Sunday, September 30, 2012

The Abruptness of Change

On this last day of September, I stop to feel grateful for all the gorgeous sunshine, for the good health enjoyed by family, for the beautiful art being created every day on Whidbey Island and, of course, for poems.  And yet

another thought:  how our lives can change in the briefest of instants.  Driving the back road toward the off-leash dog park at Bayview -- we see a woman sprawled at the side of the road, not really enough shoulder to sit on safely -- a huge Golden Retriever in her arms.  Her sobs rend the air as two cars ahead swerve left to go around her.  I pull over and go to her.  The injured dog is too much for her to lift and my husband assists, moving into the back seat with the dog, Micah, in his lap.  She will follow us to the vet clinic in Freeland.

Between wrenching sobs, we piece the story together.  She was weeding her garden when Micah suddenly bolted toward the road.  She ran after, calling him back, and heard the loud slam of impact.

What kind of person rams a car into a dog and drives off?  Someone famous (Einstein?  Gandhi?) wrote that the quality of human society can be assessed by how it treats animals ... not an exact quote, but that's the general idea.  The polar bears are dying because of our greed for fossil fuels, honeybees are in trouble, and vivisection still goes on.  We have a lot of work to do on our society's quality ...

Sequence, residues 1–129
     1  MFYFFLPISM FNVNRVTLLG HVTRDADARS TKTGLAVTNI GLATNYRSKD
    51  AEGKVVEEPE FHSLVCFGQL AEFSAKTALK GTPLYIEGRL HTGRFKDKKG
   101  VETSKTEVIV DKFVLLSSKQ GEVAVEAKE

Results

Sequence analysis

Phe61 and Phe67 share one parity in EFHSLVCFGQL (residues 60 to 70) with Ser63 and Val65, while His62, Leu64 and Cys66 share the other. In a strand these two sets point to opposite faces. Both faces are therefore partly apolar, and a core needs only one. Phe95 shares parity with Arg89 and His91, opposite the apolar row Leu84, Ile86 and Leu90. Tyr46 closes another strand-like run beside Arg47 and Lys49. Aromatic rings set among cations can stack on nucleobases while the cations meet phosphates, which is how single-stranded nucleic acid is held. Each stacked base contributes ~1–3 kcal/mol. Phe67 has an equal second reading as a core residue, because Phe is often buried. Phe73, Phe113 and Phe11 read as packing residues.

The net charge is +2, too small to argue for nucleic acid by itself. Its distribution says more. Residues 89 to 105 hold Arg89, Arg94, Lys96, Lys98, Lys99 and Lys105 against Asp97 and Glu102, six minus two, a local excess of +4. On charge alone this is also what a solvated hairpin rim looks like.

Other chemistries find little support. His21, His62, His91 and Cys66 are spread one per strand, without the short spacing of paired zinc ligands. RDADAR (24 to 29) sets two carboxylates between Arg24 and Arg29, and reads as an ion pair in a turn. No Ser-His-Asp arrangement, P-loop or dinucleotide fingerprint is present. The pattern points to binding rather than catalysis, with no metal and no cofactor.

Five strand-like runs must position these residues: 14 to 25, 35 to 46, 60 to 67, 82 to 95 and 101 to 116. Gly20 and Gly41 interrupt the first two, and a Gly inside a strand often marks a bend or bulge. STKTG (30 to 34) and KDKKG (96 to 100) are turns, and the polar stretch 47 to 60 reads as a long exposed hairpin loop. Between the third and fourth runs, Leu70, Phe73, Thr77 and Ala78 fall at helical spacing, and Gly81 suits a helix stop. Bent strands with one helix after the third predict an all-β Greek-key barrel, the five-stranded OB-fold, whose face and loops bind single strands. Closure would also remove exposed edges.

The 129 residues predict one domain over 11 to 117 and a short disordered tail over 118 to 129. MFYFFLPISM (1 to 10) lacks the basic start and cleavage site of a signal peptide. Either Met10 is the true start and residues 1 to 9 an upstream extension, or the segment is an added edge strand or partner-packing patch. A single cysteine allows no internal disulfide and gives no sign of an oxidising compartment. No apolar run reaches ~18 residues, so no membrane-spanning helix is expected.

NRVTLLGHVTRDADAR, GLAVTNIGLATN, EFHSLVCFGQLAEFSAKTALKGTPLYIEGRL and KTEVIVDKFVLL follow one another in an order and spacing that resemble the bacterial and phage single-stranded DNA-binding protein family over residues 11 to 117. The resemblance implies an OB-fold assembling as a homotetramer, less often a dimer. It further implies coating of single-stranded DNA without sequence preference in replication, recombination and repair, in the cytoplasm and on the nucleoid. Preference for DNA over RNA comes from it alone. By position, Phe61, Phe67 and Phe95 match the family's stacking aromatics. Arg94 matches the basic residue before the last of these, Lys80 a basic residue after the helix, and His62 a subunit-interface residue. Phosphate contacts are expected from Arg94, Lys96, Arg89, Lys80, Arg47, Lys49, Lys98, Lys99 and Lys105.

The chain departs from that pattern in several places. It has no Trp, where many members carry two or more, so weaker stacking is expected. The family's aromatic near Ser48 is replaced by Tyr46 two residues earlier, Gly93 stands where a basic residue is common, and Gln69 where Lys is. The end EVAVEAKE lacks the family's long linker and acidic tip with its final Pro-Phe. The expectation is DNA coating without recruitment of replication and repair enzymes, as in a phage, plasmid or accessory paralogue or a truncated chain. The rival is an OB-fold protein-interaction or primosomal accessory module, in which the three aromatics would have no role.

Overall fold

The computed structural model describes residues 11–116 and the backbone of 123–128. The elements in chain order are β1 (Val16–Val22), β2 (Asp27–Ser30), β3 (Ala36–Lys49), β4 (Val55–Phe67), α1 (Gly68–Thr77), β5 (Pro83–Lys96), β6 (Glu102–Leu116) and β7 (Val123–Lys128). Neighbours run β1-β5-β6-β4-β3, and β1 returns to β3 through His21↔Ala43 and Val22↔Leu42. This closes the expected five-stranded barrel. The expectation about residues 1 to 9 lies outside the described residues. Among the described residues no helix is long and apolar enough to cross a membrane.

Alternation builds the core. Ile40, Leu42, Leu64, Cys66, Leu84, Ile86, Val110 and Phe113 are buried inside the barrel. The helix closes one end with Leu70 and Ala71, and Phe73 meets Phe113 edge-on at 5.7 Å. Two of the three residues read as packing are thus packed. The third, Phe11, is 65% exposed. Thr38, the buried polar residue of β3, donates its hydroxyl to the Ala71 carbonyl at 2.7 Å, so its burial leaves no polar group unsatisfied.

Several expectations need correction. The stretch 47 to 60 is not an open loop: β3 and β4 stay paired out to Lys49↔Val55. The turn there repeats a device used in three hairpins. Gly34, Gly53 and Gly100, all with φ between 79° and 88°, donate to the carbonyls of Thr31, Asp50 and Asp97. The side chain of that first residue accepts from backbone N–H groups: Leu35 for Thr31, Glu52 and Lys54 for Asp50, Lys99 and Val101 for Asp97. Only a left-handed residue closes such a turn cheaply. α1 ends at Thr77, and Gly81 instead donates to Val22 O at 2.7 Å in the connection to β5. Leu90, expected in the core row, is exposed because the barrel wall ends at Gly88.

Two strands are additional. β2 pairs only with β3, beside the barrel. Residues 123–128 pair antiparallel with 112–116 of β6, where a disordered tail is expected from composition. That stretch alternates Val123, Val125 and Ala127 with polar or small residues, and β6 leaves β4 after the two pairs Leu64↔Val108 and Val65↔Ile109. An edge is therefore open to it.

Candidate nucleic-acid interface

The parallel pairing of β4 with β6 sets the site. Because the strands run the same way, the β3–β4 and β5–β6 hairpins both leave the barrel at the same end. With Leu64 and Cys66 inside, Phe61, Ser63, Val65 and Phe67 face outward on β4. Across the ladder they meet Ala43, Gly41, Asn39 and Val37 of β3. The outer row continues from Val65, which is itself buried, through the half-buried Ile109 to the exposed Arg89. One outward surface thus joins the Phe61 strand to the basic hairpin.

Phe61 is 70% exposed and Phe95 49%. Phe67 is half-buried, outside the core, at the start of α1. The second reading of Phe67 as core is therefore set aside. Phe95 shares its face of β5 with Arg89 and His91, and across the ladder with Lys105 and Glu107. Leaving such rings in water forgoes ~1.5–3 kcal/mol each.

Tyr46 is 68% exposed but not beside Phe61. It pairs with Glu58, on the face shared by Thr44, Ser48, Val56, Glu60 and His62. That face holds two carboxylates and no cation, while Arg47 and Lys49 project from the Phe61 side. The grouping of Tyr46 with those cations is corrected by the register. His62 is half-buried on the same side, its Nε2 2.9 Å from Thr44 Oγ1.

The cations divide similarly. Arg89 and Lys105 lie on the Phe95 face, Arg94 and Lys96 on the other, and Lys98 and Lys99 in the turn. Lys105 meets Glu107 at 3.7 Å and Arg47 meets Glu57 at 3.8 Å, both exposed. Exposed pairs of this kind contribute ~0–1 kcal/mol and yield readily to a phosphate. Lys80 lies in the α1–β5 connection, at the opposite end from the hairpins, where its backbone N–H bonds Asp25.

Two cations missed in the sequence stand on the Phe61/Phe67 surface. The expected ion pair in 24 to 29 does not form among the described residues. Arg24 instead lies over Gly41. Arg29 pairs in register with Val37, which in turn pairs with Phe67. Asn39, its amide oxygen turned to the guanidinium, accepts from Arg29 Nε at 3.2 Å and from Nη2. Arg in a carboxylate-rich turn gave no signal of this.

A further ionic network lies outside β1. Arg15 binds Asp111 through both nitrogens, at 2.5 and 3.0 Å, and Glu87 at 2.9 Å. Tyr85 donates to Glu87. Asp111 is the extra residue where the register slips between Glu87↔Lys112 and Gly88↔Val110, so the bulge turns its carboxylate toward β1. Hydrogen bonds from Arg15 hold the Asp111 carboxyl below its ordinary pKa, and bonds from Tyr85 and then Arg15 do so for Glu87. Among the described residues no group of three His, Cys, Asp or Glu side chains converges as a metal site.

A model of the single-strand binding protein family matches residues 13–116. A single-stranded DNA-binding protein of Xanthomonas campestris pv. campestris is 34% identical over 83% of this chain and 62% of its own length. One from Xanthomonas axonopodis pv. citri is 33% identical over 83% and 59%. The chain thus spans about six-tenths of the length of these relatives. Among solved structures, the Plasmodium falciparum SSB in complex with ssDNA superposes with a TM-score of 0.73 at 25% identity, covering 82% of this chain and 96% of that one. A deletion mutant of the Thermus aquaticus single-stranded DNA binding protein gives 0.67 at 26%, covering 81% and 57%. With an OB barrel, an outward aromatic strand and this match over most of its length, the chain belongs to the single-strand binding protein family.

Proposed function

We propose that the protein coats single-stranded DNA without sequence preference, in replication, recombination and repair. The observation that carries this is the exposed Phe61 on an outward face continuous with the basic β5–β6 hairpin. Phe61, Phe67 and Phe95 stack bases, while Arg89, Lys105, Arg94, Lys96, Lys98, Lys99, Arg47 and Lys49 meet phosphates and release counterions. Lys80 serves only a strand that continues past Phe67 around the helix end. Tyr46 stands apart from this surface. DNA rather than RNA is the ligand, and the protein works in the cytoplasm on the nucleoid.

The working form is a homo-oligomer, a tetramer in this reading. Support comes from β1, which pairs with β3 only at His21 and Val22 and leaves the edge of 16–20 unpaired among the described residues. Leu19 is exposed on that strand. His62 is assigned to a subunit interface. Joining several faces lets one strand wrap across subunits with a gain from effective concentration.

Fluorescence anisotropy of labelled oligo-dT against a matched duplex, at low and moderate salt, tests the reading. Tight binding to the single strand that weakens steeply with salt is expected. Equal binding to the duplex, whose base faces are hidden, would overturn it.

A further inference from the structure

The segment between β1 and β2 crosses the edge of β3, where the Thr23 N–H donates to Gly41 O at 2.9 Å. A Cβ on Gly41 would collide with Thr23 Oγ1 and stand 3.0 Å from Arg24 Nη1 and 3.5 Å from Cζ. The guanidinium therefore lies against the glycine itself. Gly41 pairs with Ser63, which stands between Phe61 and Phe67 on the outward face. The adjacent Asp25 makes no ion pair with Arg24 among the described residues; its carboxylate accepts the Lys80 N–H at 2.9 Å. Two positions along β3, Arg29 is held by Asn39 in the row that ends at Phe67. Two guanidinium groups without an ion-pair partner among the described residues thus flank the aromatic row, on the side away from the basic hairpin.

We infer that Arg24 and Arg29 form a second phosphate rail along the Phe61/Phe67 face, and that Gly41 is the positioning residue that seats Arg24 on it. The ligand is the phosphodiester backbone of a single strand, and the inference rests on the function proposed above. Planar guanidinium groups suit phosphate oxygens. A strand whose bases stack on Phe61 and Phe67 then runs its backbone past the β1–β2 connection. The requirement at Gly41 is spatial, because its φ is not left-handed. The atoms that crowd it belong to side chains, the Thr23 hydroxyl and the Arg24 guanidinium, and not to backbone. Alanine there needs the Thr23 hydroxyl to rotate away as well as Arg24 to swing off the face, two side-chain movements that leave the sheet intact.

Dr. Parent comes out with a stethoscope and listens for Micah's heartbeat, only to stand back shaking his head.  We feel like failures, arriving too late to the scene of doom.  Micah's human says, I could see the light leaving his eyes ...

This may turn into a poem some day, but on this day, and for many days after, the thought of Micah brings only tears and a heavy heart.  For those of you who know the pain of losing your companion dog, I recommend Robert Frost's poem "Canis Major."

May we all do better in our positions of stewardship of the Earth and all its animals.

Monday, September 3, 2012

One of the most pleasant consequences of creating "Surrounded" has been opportunities to get to know some of the poets.  Through phone calls, emails and cards, I have been able to learn more about the book's contributors.  Several of the poets have offered creative marketing and promotion ideas; thanks!  And now from Vincent Tomeo, an oft-published New York poet, comes this review:

Critique of Surrounded:  Living With Islands

By Vincent J. Tomeo

Each poem tells an intriguing story that is left open for a sequel to another story, to another poem, concerning an unanswered conflict, searching for an answer.  You won’t be disappointed.  Living With Islands is a fine read.

I could explicate several poems to prove a point, but I choose to have the reader go on a vicarious trip somewhere between his/her heart and mind.  It will truly be an exploration of exotic places, real and in a fantasy.

I suggest the reader go island hopping in a world Surrounded: Living With Islands.  You will be surprised who you will meet and what you will encounter.

Thanks, Vincent.

If you are a fan of poetry, let a poet know s/he is appreciated.  Give a poetry book as a wedding or graduation gift.  Attend a reading at your favorite bookstore.  Write a poem for your mom or dad's birthday -- I did this for both my parents and they were thrilled (or else they both deserve Oscar nominations!).  Help to infuse the world with the energy good poems provide -- the results may amaze you.